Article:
1. Wash and cut plastic bottles into strips that are about 1 centimeter wide.
  2. Color plastic strips with permanent marker. (You could even add a drip of golden paint, if you have it on hand.)
  3. Roll up plastic tightly with inked side facing inwards. This may be easier if you wrap it around a toothpick or skewer. Secure the coiled plastic with pliers.
  4. Use heat gun for about 20 seconds until the plastic shrinks and holds its shape. Let it cool before touching.

Bonus tips:

  • If you don’t have a heat gun, a hair dryer will work as well.
  • If you don’t have a steady hand to draw shapes on your beads with your markers, don’t worry! Different colored scribbles work great. In fact, you can have your kids help with this step.

4. Soda bottle coin purse

If you consider zippers a fashion statement, this snazzy project is for you. This design for a zippered soda bottle coin purse comes from WikiHow.

Difficulty level: Moderate

What you’ll need: two plastic bottles of the same size, zipper, nylon thread, scissors or craft blade, thin needle, thick needle to punch holes, tape or sewing pins

How to make it:

  1. Select two plastic bottles that are the same shape and size.
  2. Cut off the bottoms of two clean plastic bottles just above the molded line. Then trim away any jagged edges with scissors.
  3. Use a thick needle or metal awl to punch holes about 1/2 inch apart along the cut edge of  one bottle piece.
  4. Holding the zipper inside the marked bottle piece, secure one side of the zipper with tape or sewing pins.
  5. Sew the zipper to to the bottle piece using the punched holes, removing the tape or pins as you sew.
  6. Open the zipper and sew it to the inside of the other bottle piece. Your coin purse is now ready to be decorated.

Bonus tips:

  • If the edges are still jagged after you’ve cut your two pieces, use sandpaper or a nail file to smooth the edges.
  • When securing the zipper to the cut bottle pieces, align the zipper teeth with the cut edge of each piece.
  • Be sure to check out WikiHow’s tips for decorating the coin purse.

5. DIY lava lamp

OK, we’ll admit that this design from Little Bins for Little Hands doesn’t have the zing that your old $40 lamp had, but it’s a fun rainy day  project. Science Bob offers additional information to turn this project into a science experiment for the kids.

DIY lava lamp

Perhaps not the traditional lava lamp you remember, but it’s a fun project for the little ones. Image: Science Bob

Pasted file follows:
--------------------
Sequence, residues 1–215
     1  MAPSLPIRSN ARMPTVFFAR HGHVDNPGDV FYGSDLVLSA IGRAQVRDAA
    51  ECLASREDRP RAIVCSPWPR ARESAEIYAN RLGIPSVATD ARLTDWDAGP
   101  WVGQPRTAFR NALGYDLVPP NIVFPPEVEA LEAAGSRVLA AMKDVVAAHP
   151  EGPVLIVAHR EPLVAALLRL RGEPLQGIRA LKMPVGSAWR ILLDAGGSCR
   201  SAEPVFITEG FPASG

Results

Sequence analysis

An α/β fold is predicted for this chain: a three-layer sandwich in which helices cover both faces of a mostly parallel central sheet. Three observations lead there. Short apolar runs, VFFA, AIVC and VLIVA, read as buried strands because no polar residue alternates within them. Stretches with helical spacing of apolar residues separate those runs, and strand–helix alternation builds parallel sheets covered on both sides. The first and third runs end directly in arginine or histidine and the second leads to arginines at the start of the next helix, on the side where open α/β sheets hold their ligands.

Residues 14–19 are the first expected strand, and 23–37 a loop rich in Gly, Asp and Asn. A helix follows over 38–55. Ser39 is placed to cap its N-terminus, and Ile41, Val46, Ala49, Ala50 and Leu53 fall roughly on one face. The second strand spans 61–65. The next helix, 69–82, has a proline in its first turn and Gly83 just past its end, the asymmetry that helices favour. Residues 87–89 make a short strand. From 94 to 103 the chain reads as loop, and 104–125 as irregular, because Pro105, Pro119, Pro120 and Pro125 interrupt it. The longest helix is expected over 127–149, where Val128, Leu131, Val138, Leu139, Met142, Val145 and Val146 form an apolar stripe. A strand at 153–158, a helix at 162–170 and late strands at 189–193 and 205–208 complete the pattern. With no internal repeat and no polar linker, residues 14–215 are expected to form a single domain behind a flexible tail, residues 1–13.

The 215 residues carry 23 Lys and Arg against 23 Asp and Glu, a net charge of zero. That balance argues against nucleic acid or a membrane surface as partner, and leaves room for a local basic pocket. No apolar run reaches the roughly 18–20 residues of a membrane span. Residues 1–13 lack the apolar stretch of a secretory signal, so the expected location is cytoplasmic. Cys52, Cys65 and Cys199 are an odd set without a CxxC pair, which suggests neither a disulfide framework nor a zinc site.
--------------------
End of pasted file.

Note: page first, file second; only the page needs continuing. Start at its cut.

Difficulty level: Beginner

What you’ll need: plastic water bottle, vegetable oil, funnel, water, food coloring, Alka Seltzer (or generic brand) tablets

How to make it:

  1. Remove the label and wash your bottle.
  2. Using the funnel, pour vegetable oil into the bottle until it’s about two-thirds full.
  3. Fill the bottle the rest of the way with water.
  4. Add a few drops of food coloring.
  5. Break up the Alka Selzer (or generic equivalent) into pieces small enough to fit through the bottle opening. Drop them into the bottle and watch the magic!

Bonus tips:

  • Make sure your kids observe what happens when you add the water to the oil.
  • Experiment with different sized bottles, colors, and the level of oil in each “lava lamp.”
  • If you don’t have Alka Seltzer, just secure the cap to the bottle with glue or masking tape and let the kids see how the oil and water never mix.

6. Geometric lampshade

You’ve probably seen these lampshades around but may not have known you can make your own by reusing plastic bottles. This one starts out easy, but takes a bit more brain power to assemble, so be patient; it’s worth the effort! You can assemble the pieces in a variety of final shapes. Find the full instructions in Instructables’ universal lamp shade polygon building kit.

DIY geometric lamp shade

Reuse plastic bottles to make this stunning geometric lampshade. Credit: Instructables

Difficulty level: Advanced

What you’ll need: Tracing design (get it here), PET (number 1) plastic bottles, a light socket on a cord (try Ikea), LED bulb (LEDs don’t get as hot as incandescent or CFL bulbs so they won’t melt the plastic — plus, they last much longer!)

How to make it:

  1. Trace your pieces and cut them using scissors or a knife. If you’re really advanced, you can also make a “cookie cutter” out of sheet metal in the shape of the part. Then heat the cutter and use it to stamp out the parts. (Let us know how that works out.)